Len Rus, CPA, is a fierce advocate for his clients. With 34+ years of public accounting experience, Len helps high net worth families and business owners with tax and accounting strategies.
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Len loves to travel and has been all over the world. Most important lesson learned? Never drink the local drinks in Fiji.
Len Rus, CPA, has been working alongside high net worth families and privately-held businesses for over 34 years. Tax planning and preparation services, as well as business consulting and family office and administrative services, are just a few of the services Len offers to his clients.
Clients know Len as the person they call whenever they’re facing a tough accounting or tax issue. When asked what it’s like to work with Len, Emily Clark of The Three Amigos said, “Not every CPA would treat us the way Len treats us. We get great advice and quick responses from Len and his team — and not just at tax time.”
Len specializes in getting the next generation of high net worth families ready to take over the family business and wealth. Len prides himself on being a great listener, which comes in handy when he’s helping his family clients with the sometimes emotional aspects of transitioning wealth from one generation to the next. He also helps families manage their family office, including overseeing day-to-day details like banking, personal business services, etc.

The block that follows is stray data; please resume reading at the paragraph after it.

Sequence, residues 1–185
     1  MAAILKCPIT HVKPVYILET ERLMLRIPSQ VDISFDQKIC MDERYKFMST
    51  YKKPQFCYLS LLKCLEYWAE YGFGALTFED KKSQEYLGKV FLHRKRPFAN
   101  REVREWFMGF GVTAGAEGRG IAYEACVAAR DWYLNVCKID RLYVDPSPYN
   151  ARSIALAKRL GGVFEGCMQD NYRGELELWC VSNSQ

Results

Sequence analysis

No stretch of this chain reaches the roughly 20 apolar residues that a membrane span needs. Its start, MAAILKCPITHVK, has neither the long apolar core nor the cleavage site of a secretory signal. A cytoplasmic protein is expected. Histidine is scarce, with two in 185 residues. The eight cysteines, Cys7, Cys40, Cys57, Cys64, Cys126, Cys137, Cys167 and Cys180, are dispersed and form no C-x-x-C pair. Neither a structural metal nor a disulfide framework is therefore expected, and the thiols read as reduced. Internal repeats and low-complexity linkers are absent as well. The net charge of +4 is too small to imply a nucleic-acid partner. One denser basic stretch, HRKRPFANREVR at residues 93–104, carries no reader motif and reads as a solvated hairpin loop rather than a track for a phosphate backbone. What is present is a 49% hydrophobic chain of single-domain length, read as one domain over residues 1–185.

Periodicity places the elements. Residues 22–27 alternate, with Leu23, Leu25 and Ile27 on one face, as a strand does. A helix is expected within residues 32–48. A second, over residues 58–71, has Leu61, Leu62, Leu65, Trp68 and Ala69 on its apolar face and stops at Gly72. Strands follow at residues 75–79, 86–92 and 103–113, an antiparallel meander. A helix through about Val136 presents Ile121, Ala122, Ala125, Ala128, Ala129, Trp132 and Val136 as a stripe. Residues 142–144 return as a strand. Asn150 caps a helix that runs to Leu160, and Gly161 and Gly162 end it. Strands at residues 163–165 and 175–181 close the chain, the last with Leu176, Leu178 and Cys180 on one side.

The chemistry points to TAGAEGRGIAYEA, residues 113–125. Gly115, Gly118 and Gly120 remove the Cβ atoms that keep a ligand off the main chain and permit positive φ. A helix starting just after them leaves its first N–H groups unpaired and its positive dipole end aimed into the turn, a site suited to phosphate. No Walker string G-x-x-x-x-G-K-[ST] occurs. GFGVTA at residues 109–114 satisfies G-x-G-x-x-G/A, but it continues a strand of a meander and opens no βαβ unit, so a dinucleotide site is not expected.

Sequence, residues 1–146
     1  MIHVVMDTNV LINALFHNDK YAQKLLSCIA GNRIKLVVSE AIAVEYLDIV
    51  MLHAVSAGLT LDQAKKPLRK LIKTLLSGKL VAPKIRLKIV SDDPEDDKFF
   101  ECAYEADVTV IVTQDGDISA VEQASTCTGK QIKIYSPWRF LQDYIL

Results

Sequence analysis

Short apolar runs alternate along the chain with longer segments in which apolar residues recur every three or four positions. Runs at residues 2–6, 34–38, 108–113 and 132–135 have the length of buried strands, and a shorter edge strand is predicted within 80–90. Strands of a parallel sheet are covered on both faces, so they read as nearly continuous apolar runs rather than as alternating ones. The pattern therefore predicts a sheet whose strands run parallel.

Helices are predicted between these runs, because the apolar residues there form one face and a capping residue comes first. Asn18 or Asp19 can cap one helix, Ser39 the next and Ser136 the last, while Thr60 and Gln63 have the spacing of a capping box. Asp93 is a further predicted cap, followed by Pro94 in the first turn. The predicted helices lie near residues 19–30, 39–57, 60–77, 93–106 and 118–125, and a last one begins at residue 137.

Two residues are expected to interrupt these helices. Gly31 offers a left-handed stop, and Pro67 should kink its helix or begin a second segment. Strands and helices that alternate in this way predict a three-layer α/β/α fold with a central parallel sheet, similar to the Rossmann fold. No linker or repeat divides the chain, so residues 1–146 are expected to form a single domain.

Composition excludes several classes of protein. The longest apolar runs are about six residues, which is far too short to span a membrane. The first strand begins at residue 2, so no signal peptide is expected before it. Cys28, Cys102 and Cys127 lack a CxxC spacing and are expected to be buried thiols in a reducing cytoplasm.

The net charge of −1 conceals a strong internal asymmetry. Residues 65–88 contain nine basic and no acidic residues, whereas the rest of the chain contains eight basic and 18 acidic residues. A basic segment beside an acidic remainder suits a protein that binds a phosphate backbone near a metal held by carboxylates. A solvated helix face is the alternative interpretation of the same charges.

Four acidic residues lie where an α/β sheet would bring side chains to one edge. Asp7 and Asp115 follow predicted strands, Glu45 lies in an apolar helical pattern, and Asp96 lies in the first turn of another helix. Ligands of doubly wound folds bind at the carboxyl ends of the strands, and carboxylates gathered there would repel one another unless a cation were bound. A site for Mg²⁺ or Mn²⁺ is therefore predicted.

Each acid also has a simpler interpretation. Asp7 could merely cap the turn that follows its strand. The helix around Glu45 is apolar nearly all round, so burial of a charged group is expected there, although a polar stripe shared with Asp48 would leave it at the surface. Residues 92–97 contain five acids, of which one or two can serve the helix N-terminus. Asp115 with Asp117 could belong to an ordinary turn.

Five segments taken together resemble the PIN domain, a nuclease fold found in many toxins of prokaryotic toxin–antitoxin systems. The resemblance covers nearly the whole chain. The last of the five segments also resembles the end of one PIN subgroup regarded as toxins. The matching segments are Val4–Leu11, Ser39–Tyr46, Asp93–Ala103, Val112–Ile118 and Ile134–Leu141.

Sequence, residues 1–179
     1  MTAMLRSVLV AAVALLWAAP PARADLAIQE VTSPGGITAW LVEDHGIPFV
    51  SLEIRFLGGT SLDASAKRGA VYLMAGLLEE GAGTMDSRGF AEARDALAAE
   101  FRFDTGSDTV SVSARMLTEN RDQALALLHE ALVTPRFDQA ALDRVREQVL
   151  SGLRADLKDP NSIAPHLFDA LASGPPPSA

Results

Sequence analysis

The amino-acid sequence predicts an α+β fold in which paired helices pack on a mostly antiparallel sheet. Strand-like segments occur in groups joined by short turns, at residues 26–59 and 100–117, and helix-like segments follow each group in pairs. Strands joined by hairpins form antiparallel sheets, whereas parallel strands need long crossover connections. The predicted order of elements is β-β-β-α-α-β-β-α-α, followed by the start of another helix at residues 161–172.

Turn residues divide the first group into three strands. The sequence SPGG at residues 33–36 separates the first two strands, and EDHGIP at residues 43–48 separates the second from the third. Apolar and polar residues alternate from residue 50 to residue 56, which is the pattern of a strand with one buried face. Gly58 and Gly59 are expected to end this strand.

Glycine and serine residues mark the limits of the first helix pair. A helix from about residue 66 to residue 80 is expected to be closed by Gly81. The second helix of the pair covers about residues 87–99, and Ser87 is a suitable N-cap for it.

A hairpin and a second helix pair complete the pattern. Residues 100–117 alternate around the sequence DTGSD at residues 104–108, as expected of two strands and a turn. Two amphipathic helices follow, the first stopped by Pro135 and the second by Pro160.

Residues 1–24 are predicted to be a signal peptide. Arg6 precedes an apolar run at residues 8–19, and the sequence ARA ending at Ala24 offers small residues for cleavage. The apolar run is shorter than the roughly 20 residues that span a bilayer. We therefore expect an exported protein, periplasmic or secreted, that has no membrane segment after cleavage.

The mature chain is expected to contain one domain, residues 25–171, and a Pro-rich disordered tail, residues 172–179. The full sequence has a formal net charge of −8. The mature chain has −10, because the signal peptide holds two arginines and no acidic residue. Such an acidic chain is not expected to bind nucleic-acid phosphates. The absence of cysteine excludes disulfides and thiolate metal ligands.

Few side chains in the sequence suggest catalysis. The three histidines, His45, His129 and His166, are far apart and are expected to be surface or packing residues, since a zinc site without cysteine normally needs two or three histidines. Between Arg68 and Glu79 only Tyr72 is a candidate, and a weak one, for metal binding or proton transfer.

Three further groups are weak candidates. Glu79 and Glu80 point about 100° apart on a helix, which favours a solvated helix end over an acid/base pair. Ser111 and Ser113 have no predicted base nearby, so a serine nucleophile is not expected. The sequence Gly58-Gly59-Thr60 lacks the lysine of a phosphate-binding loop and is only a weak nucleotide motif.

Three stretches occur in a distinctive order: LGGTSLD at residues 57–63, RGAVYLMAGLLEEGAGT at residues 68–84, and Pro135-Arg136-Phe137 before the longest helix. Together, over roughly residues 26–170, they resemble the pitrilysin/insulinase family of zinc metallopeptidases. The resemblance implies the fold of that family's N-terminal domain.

As the firm’s managing partner, Len’s works to oversee the firm’s growth and foster the development of a new generation of firm leadership. Having joined the firm in 1986, one of Len’s passions is guiding staff members on how to succeed, both inside and outside the office.
Community service is important to Len. He is a member of Loyola’s John Early Society, composed of generations of alumni, faculty, administrators and staff who work to ensure Loyola’s continued advancement and reputation for the very best in education. He has also served on the board of Beth El Congregation.
More Fun Facts
With inflation running high, businesses everywhere are struggling to manage costs. Regardless of whether or not inflation is in check anytime soon, its effect on business revenue and savings requires planning and prioritizing now. We put together a checklist of potential ways you can manage the negative effects of inflation while identifying positive, long-term opportunities for your business.
I was on my way home the other day, talking with a client who was stressed about a major decision she was facing. After years of pouring her heart and soul, not to mention money, into building a successful family-owned business, she was ready to move on and pass it along to two of her children. She called to talk about the tax implications of selling the business, but instead of talking about capital gain, avoiding double taxes and minimizing tax liability, I steered the conversation in quite a different direction.
There’s no magic bullet for making your family-owned business hum smoothly along from one generation to the next. The good news? You can learn from successful family-owned businesses that have made it to the second, third, fourth and even fifth generations. I took some time to think about my most profitable family-owned business clients and identify what they all have in common. Here’s what I came up with.